What is Go Red For Women?
In 2004, the American Heart Association (AHA) faced a challenge. Cardiovascular disease claimed the lives of nearly 500,000 American women each year, yet women were not paying attention. In fact, many even dismissed it as an “older man’s disease.” To dispel the myths and raise awareness of heart disease as the number one killer of women, the American Heart Association createdÂ Go Red For WomenÂ â€“ a passionate, emotional, social initiative designed to empower women to take charge of their heart health.
What is the goal of Go Red For Women?
Go Red For Women encourages awareness of the issue of women and heart disease, and also action to save more lives. The movement harnesses the energy, passion and power women have to band together and collectively wipe out heart disease. It challenges them to know their risk for heart disease and take action to reduce their personal risk. It also gives them the tools they need to lead a heart healthy life.
In 2010, the American Heart Association set a strategic goal of reducing death and disability from cardiovascular disease and strokes by 20% while improvingÂ the cardiovascular health of all AmericansÂ by 20% by the year 2020.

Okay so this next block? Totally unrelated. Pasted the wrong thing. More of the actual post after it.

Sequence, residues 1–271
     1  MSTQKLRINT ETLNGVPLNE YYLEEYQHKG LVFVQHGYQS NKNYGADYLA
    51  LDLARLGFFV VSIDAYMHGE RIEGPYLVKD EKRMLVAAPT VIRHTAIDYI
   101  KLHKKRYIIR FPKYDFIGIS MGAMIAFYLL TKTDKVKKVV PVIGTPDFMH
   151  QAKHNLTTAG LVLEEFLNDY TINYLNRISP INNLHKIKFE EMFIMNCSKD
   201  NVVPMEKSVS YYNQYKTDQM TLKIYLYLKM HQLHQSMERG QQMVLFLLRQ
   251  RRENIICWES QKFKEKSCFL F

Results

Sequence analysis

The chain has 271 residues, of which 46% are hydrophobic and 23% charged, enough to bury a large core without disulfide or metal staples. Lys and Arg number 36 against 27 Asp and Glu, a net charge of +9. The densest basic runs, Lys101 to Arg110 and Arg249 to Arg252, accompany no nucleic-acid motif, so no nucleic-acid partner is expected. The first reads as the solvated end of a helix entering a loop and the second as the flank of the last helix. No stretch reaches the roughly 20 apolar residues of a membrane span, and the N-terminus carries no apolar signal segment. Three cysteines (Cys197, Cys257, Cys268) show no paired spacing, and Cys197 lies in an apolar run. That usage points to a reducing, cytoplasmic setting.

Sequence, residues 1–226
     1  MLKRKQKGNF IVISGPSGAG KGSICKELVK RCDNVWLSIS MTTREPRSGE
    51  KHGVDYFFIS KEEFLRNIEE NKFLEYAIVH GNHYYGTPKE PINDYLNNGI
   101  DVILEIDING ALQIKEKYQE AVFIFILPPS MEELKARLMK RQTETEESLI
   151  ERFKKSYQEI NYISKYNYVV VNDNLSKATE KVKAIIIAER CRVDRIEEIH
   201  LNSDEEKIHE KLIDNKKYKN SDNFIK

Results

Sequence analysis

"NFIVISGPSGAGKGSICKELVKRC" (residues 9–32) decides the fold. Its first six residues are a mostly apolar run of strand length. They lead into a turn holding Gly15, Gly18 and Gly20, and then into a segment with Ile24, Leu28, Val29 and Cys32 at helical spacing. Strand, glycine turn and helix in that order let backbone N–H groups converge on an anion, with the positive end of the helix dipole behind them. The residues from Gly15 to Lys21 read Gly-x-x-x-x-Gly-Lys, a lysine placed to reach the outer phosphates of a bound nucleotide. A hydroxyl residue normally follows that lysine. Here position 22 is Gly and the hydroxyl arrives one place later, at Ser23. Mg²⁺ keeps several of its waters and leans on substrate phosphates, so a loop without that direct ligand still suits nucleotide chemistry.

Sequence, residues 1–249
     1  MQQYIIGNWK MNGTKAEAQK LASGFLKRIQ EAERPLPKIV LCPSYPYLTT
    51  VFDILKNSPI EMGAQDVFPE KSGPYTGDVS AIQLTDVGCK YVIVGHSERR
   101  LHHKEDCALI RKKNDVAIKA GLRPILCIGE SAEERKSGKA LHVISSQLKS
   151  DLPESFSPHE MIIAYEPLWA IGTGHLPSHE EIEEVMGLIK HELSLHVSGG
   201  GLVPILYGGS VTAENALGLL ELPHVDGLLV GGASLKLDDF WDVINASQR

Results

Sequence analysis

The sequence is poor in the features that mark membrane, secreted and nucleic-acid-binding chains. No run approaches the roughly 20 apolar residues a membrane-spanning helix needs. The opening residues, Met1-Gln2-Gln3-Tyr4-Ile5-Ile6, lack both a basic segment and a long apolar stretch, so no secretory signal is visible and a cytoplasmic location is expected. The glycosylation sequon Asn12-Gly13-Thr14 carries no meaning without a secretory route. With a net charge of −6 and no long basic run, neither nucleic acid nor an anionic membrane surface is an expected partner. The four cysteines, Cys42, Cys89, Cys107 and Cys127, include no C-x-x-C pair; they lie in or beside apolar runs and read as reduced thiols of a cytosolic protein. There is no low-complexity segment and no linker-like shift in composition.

Why is the red dress the symbol of women and heart disease?
In 2003, the National Heart, Lung and Blood Institute (NHLBI), the American Heart Association and other organizations committed to women’s health joined together to raise awareness of women and heart disease. The NHLBI introduced the red dress as a national symbol for women and heart disease awareness and the American Heart Association adopted this symbol to create synergy among all organizations committed to fighting this cause.
By working together to advance this important cause, the American Heart Association, NHLBI, and other women’s health groups will have a greater impact than any one group could have alone.
Be sure toÂ registerÂ to get your red dress pin.
Why do Go Red For Women and other red dress campaigns target women instead of men and women?
In the past, heart disease and heart attack have been predominantly associated with men. Historically, men have been the subjects of the research done to understand heart disease and stroke, which has been the basis for treatment guidelines and programs. This led to an oversimplified, distorted view of heart disease and risk, which has worked to the detriment of women.
Because women have been largely ignored as a specific group, their awareness of their risk of this often-preventable disease has suffered. Only 55 percent of women realize heart disease is their No. 1 killer and less than half know what are considered healthy levels for cardiovascular risk factors like blood pressure and cholesterol. The Go Red For Women movement works to make sure women know they are at risk so they can take action to protect their health.